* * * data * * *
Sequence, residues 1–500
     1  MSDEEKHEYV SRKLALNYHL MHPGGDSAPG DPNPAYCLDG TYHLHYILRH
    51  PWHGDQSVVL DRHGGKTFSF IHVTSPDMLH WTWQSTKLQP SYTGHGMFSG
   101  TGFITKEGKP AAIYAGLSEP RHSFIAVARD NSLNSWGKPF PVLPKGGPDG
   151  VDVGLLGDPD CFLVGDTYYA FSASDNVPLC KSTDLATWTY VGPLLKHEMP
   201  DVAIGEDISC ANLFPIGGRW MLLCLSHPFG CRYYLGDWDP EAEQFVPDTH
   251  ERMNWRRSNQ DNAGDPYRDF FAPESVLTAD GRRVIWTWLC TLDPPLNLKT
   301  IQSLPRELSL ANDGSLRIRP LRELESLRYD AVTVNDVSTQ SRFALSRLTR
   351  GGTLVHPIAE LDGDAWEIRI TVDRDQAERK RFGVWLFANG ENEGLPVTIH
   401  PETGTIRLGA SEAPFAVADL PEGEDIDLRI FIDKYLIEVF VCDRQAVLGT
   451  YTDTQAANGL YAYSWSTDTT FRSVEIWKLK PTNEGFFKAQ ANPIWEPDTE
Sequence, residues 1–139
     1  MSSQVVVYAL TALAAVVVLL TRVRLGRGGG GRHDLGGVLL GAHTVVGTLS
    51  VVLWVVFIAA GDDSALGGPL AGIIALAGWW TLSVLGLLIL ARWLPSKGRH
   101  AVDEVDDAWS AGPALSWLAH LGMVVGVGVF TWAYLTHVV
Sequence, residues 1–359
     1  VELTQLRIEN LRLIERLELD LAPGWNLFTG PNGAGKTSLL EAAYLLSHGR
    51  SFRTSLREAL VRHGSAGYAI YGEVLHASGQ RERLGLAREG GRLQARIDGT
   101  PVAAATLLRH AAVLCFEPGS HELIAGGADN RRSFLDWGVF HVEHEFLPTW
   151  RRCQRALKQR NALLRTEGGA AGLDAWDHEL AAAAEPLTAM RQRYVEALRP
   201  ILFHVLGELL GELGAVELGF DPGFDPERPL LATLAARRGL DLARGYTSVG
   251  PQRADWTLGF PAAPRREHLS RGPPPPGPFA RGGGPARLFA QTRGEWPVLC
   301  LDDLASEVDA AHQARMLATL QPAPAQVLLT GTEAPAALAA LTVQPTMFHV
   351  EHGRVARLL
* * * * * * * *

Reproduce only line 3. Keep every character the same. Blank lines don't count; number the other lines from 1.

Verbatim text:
    51  PWHGDQSVVL DRHGGKTFSF IHVTSPDMLH WTWQSTKLQP SYTGHGMFSG